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The Invention of Exile: A Novel Hardcover – August 14, 2014


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Editorial Reviews

Review

Carmela Ciuraru, The New York Times:
“[An] impressive first novel.”

Boston Globe:
“Rich in history and far-reaching in scope, The Invention of Exile is an achingly painful and all too relevant meditation on what can happen to identity when human beings are crammed inside an unforgiving container of politics, bureaucracy, and fear…[A] wonderful first novel.”

San Francisco Chronicle:
“[An] assured debut…Manko paints a complicated and richly human portrait of the specific loss and separation that borders impose—a timeless subject that resonates with particular relevance in the contemporary moment.”

Interview magazine:
“A stunning, dream-like exploration of geographical and psychic borders… Manko weaves through time and place poetically, presenting striking images.”

Christian Science Monitor:
“Wistful, perceptive… A poignant tale of an immigrant's loss and longing.” 

New York Magazine:
“The summer’s surest candidate for lit-hit crossover.”

Vanity Fair:
“Manko’s debut thrums with longing.”
 Kirkus Reviews (starred):
“A superb study of statelessness…Manko brings plenty of energy to this tale…Manko is a tremendous stylist, using clipped, simple sentences to capture Austin’s mindset as his confidence in escape erodes but never entirely fades; Manko’s shift in perspective toward the end of the book reveals just how much the years of exile have weathered him. She deeply explores two complicated questions: What is the impact of years of lacking a country? And how much does this lack reside in our imaginations? A top-notch debut, at once sober and lively and provocative.”

Publishers Weekly:
“[A] fine fiction debut… The beating heart of Manko’s story is Austin’s determination to be reunited with his family.”

Booklist:
“Manko’s debut is a potent examination of the costs of pride and fear as well as the redemptive power of familial bonds.”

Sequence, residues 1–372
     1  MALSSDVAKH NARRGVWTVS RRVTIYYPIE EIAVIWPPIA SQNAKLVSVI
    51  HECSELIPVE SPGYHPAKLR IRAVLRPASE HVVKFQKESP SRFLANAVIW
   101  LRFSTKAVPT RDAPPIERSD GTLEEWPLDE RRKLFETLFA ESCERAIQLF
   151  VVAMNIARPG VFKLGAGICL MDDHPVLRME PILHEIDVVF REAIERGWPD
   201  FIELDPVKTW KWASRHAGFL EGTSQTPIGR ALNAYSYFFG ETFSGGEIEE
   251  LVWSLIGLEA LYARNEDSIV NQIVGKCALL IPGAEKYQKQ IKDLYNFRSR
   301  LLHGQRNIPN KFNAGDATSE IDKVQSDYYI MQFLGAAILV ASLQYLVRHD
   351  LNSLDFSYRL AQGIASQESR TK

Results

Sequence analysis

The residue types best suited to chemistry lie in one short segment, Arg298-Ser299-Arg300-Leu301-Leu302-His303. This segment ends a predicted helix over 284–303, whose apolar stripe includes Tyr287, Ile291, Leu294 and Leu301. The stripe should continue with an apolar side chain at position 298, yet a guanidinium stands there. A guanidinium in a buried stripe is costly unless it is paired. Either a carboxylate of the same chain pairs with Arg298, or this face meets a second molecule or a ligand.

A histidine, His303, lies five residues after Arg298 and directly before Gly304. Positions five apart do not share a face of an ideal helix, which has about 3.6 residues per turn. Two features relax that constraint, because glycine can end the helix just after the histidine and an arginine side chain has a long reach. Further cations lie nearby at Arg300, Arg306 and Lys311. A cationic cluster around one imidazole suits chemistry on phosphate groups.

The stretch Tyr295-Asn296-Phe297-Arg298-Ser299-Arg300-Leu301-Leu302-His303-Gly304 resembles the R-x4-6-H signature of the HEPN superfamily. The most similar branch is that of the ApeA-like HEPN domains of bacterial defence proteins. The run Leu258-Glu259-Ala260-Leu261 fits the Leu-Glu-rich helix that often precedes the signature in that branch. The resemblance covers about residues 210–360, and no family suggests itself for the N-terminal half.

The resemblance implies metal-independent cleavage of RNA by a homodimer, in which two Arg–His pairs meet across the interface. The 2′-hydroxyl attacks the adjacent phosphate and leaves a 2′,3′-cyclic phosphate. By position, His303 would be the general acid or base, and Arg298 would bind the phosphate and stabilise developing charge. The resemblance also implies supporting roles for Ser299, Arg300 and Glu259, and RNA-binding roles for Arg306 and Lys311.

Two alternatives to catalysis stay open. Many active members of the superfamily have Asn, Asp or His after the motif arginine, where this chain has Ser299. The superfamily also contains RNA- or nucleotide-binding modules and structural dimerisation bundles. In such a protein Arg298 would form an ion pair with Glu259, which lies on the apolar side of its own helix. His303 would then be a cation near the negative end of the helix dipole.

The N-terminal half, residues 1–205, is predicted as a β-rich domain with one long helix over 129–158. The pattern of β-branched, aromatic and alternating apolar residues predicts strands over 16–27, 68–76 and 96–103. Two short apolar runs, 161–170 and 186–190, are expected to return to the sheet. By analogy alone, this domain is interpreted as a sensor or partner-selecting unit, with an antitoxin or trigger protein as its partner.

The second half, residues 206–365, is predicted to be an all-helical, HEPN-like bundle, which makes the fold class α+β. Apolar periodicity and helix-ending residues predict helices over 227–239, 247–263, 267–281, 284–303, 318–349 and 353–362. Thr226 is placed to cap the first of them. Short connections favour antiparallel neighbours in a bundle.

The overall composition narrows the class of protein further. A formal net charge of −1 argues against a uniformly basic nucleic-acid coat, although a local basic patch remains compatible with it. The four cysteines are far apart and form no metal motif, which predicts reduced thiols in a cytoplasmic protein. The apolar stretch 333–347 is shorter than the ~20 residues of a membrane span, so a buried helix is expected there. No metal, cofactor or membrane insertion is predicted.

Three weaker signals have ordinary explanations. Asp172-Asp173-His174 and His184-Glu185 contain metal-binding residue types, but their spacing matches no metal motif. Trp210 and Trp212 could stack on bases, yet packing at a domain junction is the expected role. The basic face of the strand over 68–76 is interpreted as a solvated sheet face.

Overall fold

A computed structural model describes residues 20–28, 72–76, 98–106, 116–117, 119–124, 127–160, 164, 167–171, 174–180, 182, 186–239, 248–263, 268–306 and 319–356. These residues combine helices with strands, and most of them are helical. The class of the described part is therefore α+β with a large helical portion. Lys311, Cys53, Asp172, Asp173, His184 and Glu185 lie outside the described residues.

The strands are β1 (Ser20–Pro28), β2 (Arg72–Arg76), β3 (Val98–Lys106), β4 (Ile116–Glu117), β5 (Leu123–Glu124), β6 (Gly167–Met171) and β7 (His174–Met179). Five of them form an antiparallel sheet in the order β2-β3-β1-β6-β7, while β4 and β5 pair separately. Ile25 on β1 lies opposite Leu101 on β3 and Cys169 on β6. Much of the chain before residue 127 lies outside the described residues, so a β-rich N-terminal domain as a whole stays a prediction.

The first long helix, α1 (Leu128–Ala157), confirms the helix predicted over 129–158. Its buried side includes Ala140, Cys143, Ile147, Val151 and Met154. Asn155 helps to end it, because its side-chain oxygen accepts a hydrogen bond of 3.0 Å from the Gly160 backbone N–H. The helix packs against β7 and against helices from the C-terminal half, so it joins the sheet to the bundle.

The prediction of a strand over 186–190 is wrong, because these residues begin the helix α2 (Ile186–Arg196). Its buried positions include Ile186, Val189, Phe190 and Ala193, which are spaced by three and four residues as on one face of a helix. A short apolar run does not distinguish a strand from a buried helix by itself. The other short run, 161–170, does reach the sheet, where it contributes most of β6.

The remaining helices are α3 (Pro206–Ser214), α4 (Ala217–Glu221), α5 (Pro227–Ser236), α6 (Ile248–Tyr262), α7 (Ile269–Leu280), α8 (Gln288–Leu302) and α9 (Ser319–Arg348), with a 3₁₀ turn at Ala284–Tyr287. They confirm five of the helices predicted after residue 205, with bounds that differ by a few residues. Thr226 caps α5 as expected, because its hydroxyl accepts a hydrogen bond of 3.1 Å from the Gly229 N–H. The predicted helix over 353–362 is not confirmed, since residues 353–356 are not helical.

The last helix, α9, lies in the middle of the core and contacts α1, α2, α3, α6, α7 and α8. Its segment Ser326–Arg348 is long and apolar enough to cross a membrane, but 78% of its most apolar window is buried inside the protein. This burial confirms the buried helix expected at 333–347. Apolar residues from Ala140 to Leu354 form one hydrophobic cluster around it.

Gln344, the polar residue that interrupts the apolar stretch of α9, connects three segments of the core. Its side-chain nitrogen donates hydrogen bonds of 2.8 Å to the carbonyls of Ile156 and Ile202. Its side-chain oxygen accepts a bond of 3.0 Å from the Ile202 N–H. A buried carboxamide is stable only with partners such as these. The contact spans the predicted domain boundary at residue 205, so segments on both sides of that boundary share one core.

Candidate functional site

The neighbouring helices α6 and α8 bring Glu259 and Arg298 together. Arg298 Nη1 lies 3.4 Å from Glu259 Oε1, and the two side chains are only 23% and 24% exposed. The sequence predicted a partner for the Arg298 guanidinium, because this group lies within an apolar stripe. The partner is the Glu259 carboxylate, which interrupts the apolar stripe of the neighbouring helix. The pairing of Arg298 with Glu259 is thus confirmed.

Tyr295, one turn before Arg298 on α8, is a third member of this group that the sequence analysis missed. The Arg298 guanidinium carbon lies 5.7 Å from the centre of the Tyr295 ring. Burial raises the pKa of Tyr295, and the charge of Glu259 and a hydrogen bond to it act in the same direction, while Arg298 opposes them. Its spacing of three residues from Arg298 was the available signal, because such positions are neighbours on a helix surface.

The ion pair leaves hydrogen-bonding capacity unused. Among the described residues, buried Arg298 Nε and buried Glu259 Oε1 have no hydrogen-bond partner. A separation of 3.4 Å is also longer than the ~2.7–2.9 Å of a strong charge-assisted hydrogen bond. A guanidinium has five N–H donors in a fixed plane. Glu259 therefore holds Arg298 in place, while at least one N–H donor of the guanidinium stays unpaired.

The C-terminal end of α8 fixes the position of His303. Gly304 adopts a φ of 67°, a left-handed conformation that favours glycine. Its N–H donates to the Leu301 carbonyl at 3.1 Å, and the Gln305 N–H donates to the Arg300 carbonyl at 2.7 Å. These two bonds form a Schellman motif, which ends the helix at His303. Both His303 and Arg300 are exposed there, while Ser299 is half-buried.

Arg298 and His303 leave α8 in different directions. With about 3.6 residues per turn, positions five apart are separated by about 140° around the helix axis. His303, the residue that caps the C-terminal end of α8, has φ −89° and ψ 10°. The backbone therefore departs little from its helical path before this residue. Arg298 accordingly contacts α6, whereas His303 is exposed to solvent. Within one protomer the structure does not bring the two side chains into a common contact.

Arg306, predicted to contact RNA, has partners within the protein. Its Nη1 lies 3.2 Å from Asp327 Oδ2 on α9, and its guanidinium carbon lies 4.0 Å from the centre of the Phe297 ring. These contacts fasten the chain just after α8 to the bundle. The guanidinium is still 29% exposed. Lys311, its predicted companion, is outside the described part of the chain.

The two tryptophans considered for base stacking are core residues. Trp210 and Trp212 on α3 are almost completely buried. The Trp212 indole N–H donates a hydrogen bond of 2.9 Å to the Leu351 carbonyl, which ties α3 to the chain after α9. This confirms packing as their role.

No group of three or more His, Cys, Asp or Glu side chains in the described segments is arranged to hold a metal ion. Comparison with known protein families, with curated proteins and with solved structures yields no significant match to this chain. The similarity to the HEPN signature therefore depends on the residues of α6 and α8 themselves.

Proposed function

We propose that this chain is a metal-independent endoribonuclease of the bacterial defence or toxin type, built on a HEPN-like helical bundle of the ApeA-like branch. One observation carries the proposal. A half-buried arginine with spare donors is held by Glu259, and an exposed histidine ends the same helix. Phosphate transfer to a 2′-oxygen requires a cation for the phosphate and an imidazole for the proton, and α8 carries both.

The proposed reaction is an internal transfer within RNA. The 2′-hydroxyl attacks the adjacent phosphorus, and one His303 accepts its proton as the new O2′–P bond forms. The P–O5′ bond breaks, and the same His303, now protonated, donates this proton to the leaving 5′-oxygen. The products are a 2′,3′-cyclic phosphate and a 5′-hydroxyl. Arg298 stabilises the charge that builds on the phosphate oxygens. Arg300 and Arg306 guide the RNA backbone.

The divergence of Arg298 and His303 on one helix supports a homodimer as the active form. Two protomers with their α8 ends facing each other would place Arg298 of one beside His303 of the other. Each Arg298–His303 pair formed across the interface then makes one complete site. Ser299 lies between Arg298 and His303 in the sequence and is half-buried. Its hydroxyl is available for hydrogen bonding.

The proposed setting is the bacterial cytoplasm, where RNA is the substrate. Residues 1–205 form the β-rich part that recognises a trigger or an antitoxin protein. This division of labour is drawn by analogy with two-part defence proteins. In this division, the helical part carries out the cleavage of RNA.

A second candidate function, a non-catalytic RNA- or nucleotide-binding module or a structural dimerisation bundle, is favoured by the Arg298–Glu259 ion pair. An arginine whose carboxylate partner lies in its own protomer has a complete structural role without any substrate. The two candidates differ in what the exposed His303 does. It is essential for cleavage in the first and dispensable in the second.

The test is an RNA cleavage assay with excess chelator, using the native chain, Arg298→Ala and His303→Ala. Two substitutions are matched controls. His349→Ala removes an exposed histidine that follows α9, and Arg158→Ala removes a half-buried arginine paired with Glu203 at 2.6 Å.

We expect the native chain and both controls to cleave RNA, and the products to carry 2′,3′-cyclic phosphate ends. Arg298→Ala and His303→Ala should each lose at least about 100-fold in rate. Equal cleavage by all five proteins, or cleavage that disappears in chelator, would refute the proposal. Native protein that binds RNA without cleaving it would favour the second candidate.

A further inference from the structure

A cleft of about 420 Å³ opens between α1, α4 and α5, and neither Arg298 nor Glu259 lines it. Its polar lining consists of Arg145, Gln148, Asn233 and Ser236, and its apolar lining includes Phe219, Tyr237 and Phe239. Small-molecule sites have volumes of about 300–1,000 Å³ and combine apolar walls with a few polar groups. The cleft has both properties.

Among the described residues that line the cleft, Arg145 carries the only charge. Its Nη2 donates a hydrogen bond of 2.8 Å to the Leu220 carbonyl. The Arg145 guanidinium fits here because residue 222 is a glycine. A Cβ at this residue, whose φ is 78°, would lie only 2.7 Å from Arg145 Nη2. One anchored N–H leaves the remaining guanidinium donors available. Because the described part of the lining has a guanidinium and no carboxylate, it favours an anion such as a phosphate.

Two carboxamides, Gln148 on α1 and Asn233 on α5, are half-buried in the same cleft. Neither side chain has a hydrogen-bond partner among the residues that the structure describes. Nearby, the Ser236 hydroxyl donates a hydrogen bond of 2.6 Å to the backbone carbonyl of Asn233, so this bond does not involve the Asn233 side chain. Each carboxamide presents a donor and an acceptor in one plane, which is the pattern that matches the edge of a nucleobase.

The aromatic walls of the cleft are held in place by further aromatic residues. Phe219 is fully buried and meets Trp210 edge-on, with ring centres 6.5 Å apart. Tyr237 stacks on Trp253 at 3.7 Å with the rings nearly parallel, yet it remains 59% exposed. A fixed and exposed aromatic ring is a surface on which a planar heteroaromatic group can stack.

The Independent (UK):

"Breathless.... Manko's prose and pacing are remarkably assured, rapid when traversing oceans and decades, unbearably tense when Voronkov attempts to re-enter America. 'Paper is stronger than one realises,' is a refrain based in part on the author's family history. With these indelible pages, Manko does her ancestors proud."


Salman Rushdie, author of Joseph Anton and Midnight's Children:
"Vanessa Manko's beautifully written and deeply affecting first novel is the story of a man stranded by history in a strange land, torn away by politics and paranoia from the people he loves, exiled and trapped behind an invisible frontier he dares not cross. Manko ranges expertly between Russia, the USA and Mexico to weave her absorbing tale of emigration, deportation, desperation, paranoia, and finally, improbably, love. The novel reminds one, at times, of Kafka, Ondaatje, and even, in its powerful evocation of marooned isolation, Robinson Crusoe. A brilliant debut."

Colum McCann, author of Transatlantic and Let the Great World Spin:
“Vanessa Manko is a voice for the years to come. Her first novel, The Invention of Exile, is an ambitious tale of a Russian émigré in Mexico City. It is an unflinching portrait of how our lives are structured around the complications of geography, beauty and chance, and, at its core, it is a story about those who live in the double shadows of home and history.”

Siri Hustvedt, author of What I Loved and The Summer Without Men:
The Invention of Exile is an achingly immediate, sensuous, and psychologically acute novel about a man whose life has been suspended by the madness of American politics. The book moves deftly between past and present and from one consciousness to another to create a narrative of high emotional tension that turns on the fate of its exiled central character, the Russian born 'Austin.' Manko’s tender, compassionate, and wise portrait of this man, who waits and waits and waits to return to the life he was meant to live, continues to reverberate inside me. I suspect I will carry him around with me for years to come.”
 
Francisco Goldman, author of Say Her Name: